Atomic 7 Take 2: The Case Of Brian Connelly's Underpants

By Eric Schulz

There once was an issue of MAD magazine named "Snappy Answers to Stupid Questions." The gist of the issue was that a stupid question was asked and then followed up by a barrage of witty comebacks. The following email interview with former Shadowy Men From a Shadowy Planet and current Atomic 7 guitarist Brian Connelly made me think I was trapped in MAD magazine. Atomic 7 may be an instrumental band, but as Connelly shows in this interview he isn't at a loss for words. The band recently released a follow-up to 2003's …Gowns By Edith Head titled …en Hillbilly Caliente. Atomic 7 nukes the Starlight in Waterloo on Thursday, July 8th.

ECHO: How did you come to a partnership with Mint Records?

Brian Connelly: When I first talked to the folks at Mint I think they thought I was Brian Connelly from the Sweet. They could smell another "Ballroom Blitz" or "Fox on the Run" so they let me do whatever I wanted. When they found out they were getting me and an instrumental go go dance band, they tried to be all cool like they knew it all along. They were too embarrassed to back out of the deal.

My relationship with Mint has been great. Although, we did break up for about a week when I caught them slutting around and putting out other peoples' records. We made up under the bleachers and can now proudly hold hands walking down the halls. Oh yeah, and I worked with Neko Case (signed to Mint) for a couple of years.

ECHO: On …en Hillbilly Caliente the other instruments (bass and drums) really shine. The guitar is still the centre of attention, but the bass and drums seem to have more life vs. …Gowns By Edith Head. The last time I interviewed you, you said your ideal was for everyone in the band to write together. Was …en Hillbilly Caliente more of a collaborative effort this time around?

BC: …Gowns By Edith Head was recorded with an unamplified stand up bass, so the drum sound had a softer, more roomy sound. With …en Hillbilly Caliente we used electric bass for most of it so the bass and drums had more sonic space to really holler. The big difference between the two records is our new bass player. Mandi has a completely different style of playing. She likes the more subtle el kabong, knee capping low end wallop kind of bass playing. She knows what to play to make asses shake. As far as the writing goes, we've been kind of busy, so we're still working through my sock drawer of songs.

ECHO: Once again the song titles are exceptional. How do you come up with them? What is "The Happy Fingers Method?" What are you referring to by "Stab it and Steer it?" It sounds dirty. Where do the titles "Kicking at the Ghost of Ass" and the "Wreck of the Dick Family Wiener Boat" come from?

BC: I use the Ouija board, tequila and pant suit method like everybody else. "The Happy Fingers Method" is the method of piano lessons Dr. Terwilliker used in the Dr. Seuss film The 5000 Fingers of Dr. T. "Stab It & Steer It" was the theme for Nicholas Cage's driver training film that was scrapped when they found out Nicholas Cage couldn't drive. "Kicking at the Ghost of Ass" was written about a guy in my neighbourhood who's been kicking ass so long he can't remember what ass he's been kicking. And the "Wreck of the Dick Family Wiener Boat" was about a failed attempt at a recipe from the Carolyn Mark cook book.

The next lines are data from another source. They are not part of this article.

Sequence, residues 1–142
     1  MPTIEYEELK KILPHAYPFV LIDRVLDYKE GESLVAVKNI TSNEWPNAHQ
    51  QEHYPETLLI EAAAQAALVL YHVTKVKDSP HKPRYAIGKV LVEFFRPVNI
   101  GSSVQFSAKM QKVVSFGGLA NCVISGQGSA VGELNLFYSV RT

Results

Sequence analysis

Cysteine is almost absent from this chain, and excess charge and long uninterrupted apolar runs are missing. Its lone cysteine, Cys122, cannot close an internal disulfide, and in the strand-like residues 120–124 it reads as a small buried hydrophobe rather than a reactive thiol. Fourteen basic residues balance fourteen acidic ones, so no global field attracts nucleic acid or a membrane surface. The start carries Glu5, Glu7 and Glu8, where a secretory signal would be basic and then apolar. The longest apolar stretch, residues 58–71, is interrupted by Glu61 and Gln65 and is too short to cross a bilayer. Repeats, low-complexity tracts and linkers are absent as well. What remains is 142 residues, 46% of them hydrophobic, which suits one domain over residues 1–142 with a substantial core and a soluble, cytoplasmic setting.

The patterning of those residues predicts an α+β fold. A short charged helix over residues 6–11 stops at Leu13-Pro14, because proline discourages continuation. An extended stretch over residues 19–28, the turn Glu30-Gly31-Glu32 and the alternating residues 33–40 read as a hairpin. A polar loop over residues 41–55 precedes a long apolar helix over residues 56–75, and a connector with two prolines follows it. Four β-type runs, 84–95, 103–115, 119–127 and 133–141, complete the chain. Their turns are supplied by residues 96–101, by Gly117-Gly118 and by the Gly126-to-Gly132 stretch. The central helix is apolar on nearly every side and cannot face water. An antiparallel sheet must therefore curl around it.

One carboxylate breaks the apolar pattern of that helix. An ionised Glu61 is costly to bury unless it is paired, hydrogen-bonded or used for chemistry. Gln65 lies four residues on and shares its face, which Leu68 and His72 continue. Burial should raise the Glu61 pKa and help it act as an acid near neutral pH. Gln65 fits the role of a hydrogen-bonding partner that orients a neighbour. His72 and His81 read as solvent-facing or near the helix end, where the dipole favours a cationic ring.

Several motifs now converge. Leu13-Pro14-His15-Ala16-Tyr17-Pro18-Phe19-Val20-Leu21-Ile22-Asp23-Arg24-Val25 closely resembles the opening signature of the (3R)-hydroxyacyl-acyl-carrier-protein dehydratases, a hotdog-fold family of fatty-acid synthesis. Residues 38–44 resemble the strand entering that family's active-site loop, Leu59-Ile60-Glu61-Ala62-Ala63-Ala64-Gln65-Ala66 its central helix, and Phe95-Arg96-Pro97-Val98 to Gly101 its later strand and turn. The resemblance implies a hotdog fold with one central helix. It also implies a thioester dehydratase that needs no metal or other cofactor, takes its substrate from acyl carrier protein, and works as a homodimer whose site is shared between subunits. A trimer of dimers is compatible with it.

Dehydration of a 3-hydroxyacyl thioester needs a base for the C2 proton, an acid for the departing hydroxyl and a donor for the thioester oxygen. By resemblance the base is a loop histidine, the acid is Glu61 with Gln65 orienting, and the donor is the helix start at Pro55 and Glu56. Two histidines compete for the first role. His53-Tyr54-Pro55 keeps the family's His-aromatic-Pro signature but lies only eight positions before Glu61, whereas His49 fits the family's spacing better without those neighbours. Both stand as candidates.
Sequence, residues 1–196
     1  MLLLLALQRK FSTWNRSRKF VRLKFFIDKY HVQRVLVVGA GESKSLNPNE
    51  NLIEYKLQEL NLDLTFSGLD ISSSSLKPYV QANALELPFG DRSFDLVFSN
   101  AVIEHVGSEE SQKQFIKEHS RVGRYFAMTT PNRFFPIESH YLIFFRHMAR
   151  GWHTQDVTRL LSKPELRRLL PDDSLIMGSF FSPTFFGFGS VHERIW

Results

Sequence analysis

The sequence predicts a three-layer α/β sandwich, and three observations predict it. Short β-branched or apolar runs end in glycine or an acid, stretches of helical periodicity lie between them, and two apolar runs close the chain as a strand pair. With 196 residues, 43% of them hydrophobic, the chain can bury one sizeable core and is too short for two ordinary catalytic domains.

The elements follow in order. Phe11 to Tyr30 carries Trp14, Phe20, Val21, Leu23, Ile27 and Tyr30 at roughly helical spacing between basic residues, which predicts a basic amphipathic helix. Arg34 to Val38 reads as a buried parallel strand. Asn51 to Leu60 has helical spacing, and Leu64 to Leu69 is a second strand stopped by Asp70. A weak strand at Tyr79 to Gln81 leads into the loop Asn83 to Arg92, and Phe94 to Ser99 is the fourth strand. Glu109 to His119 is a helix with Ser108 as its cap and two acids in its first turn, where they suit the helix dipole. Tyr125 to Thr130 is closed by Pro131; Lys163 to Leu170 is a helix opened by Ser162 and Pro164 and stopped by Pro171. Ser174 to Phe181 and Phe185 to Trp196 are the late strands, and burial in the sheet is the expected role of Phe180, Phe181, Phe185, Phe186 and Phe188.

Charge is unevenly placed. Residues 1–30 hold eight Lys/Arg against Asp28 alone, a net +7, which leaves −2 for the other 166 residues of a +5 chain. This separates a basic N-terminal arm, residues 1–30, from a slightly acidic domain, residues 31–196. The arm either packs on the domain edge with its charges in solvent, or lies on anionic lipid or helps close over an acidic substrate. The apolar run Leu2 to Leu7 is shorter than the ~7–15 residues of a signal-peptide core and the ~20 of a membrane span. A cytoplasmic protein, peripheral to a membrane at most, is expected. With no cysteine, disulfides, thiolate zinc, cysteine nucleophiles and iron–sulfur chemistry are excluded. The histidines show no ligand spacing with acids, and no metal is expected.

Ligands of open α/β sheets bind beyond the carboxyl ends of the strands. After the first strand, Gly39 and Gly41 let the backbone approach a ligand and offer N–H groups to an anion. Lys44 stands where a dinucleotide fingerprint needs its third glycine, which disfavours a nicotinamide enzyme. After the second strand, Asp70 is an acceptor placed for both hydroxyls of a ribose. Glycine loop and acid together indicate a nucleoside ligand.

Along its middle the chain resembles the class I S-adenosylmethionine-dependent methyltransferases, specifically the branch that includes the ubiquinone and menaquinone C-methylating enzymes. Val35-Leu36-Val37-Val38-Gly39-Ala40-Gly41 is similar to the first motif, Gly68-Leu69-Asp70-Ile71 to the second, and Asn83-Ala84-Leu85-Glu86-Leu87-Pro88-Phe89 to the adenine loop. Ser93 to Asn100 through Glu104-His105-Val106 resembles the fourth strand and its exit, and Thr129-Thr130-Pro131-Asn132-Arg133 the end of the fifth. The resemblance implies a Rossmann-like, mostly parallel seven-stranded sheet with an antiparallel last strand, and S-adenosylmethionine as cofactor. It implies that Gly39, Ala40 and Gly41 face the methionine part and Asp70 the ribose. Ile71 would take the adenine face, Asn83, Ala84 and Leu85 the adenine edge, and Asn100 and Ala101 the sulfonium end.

ECHO: For readers have haven't heard …en Hillbilly Caliente yet, there is a song entitled "What I Liked About Lord of the Rings." It's 5 seconds of silence. So you're a big fan?

BC: I've never written a more direct song in my life. I poured my heart into that song and I think it speaks for itself.

ECHO: There seems to be a lot of riffs that get reused in instrumental music, rockabilly, country and surf. This isn't to say that artists are ripping each other off - it's more of a tribute. Do you borrow riffs? What are your thoughts on riff borrowing?

BC: Borrowing is how you learn an instrument. You figure out bits and parts of songs that are attractive to you and you add it to your bag of tricks. But I really hate the word 'riffs,' so lets just call them underpants. Borrowing underpants is one way of paying tribute to someone that inspired you or to test who's listening. Planting underpants in the middle of a song and seeing who picks up on it is great fun. Sometimes I learn underpants in hopes of those underpants working their way into the way I play. I'll steal underpants from anyone.

ECHO: Why don't you ever play Shadowy Men songs live? Ever tempted to pander to the audience and play "Having an Average Weekend?"

BC: Is the idea of covering yourself just weird or is it weird and creepy?

ECHO: It's known that you dislike it when people call Atomic 7 an instrumental surf band. I think the title for the new cd is a great way to describe your sound. Would you describe Atomic 7's sound as Hillbilly Caliente - Hot Hillbilly?

BC: But… but… but we are a surf band! Maybe we're just not a very good surf band. But maybe our hillbilly is so hot it sounds surf.

ECHO: Shadowy Men began during the great Can Rock revival. What are your impressions at the current state of Canadian indie rock?

BC: The bands have never been better and the industry has never been worse. Those idol tv shows are a pretty accurate picture of the commercial music world. Some soulless clone does some karaoke and is judged by a panel of 'seasoned' retards and then it's packaged up, dipped in gold and pushed down your throat. How stylish. On the other hand, you have bands like the Fiftymen from Ottawa or the Brothers Cosmoline or Ronnie Hayward, Carolyn Mark… Labels like Mint or Ian Pearson's Zedtone Records make you kind of proud to be in this mess and make you work a little harder. Or at least write better underpants.

w/ The Band From Planet X
Thursday, July 8
Saturday, July 10
Jimmy Jazz